The Dead Sea, Israel: I Found The Fountain Of Youth

The Dead Sea, Israel: I Found The Fountain Of Youth

“Do you feel like children again?” our guide asked as our van climbed toward Sea Level.

I didn’t know how to respond or what she was getting at — and apparently neither did anybody else because the van fell silent.

“It is said that you will turn back time twenty years by swimming in the Dead Sea, so you must feel like children,” she continued.

“Ah, yes. I do feel giddy now that you mention it,” I replied from the back of the van.


The Dead Sea, Israel: I Found The Fountain Of Youth


I had never given much thought to the healing properties of the Dead Sea. I always thought it would be fun to float effortlessly in the heavily-salted water, but I didn’t delve much into the health effects.

The drive to the Dead Sea in Israel is full of twisting turns and endless views of the crystal-clear water below. Along the way, we made a pit stop at Sea Level, where a man tried to coax us into paying him a dollar to photograph his camel. We passed Jericho (believed to be one of the oldest inhabited cities in the world) and further down the road, our guide pointed out the cave where the Dead Sea Scrolls were found.

We arrived at Mineral Beach in the late afternoon, just as the sun began to sink behind the mountains. After changing into our suits, we hurried down the hill to snag some chairs and drag them to the water’s edge.

The Dead Sea, Israel: I Found The Fountain Of Youth
Salt on the rocks along the shore of the Dead Sea

There was no shortage of people giggling in the water or capturing those classic reading-a-newspaper-while-floating-in-the-Dead-Sea photos. I inched my way into the water — it was colder than I had anticipated — and once the waterline hit my waist, I let the buoyancy take over.

The salty water lifted my feet to the surface and I immediately felt like I was floating on a raft. No treading water — just resting peacefully in the Dead Sea.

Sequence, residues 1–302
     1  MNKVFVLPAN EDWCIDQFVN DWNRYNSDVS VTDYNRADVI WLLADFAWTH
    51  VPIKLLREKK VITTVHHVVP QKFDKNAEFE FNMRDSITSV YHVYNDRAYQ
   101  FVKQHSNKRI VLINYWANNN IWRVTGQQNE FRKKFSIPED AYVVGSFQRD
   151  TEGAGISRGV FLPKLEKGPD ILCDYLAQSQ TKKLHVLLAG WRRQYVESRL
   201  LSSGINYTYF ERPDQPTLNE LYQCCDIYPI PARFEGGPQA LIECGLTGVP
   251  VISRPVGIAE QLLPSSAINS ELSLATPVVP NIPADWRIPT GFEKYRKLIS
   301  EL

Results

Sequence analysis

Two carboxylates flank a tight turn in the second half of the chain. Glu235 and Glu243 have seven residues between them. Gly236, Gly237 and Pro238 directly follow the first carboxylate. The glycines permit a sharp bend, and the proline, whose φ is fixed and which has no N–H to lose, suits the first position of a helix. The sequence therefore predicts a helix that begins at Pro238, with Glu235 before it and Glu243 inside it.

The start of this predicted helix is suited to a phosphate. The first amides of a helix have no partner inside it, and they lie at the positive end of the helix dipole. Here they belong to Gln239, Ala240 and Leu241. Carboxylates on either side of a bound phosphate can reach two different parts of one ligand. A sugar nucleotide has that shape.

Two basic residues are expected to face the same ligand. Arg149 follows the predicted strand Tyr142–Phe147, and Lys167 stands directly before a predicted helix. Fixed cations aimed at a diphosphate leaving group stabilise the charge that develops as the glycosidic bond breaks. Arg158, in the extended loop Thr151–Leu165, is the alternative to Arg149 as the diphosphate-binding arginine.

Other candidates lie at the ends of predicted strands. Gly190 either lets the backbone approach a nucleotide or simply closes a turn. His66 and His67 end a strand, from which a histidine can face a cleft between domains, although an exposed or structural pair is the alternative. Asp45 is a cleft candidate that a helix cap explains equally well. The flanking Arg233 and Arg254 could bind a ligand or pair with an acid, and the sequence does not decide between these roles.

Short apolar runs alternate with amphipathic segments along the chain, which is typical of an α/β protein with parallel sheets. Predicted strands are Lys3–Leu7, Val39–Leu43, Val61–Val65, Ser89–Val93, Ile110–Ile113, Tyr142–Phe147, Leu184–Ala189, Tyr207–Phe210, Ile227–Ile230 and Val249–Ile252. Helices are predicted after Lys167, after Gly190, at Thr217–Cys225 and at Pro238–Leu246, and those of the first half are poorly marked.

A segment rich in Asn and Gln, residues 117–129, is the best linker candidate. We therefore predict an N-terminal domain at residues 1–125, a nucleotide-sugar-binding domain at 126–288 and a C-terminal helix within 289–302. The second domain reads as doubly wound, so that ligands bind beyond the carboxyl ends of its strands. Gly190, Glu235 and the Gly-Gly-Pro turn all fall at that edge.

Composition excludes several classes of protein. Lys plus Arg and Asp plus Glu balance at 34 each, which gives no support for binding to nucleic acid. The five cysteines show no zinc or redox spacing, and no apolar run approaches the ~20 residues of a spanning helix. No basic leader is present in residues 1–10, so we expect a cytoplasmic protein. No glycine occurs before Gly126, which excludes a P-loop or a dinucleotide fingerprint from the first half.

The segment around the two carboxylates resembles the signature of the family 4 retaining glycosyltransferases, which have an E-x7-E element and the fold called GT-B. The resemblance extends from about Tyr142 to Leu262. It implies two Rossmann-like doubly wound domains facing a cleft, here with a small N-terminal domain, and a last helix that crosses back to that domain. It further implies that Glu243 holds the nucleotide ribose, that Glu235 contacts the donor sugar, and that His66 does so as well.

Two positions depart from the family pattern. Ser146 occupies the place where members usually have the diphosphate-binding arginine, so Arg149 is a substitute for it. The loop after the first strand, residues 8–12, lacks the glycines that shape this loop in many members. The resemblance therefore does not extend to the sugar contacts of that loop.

The Dead Sea, Israel: I Found The Fountain Of Youth

The water made my skin tingle, similar to what it feels like after I’ve surfed for a few hours in the ocean — but multiplied by ten. The Dead Sea is 9.6 times as salty as the ocean, which makes this water too harsh for any living creatures to survive in. But, short dips in the sea has been shown to heal many ailments.

Think of it like a huge Epsom salt bath. Supposedly, the magnesium in the water can decrease stress, reduce inflammation, and improve the use of oxygen in the body, while the bromide salts are a mild germicide.

The Dead Sea, Israel: I Found The Fountain Of Youth

Whether the healing properties are scientifically proven or just a placebo effect, I felt refreshed and content after spending just fifteen minutes in the water. I guess you could say I was a kid again, even if it was only for a few hours.


Things To Know Before You Go To The Dead Sea:

Mineral Beach is located on the Israeli side of the Dead Sea. The entrance fee is 50 or 60 Shekels (depending on the day of the week) for adults and 30 or 35 Shekels for children. They offer other amenities on the property, such as a sulphur water pool, fresh water pool and spa treatments.



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  1. Is it true that no animals live there? It looks really pretty, but the ecological aspects of it interest me the most 🙂

  2. While I’d really like to visit Tel Aviv (and Beirut), I’m a wae undecided about the Dead Sea. But, I have to say “giddy” can go a long way. Thanks for your post, Christy!

  3. Kelly Lewis says:

    Isn’t it awesome?? I went home with bags of Dead Sea mud that I scooped up, bottled and gave to friends for xmas!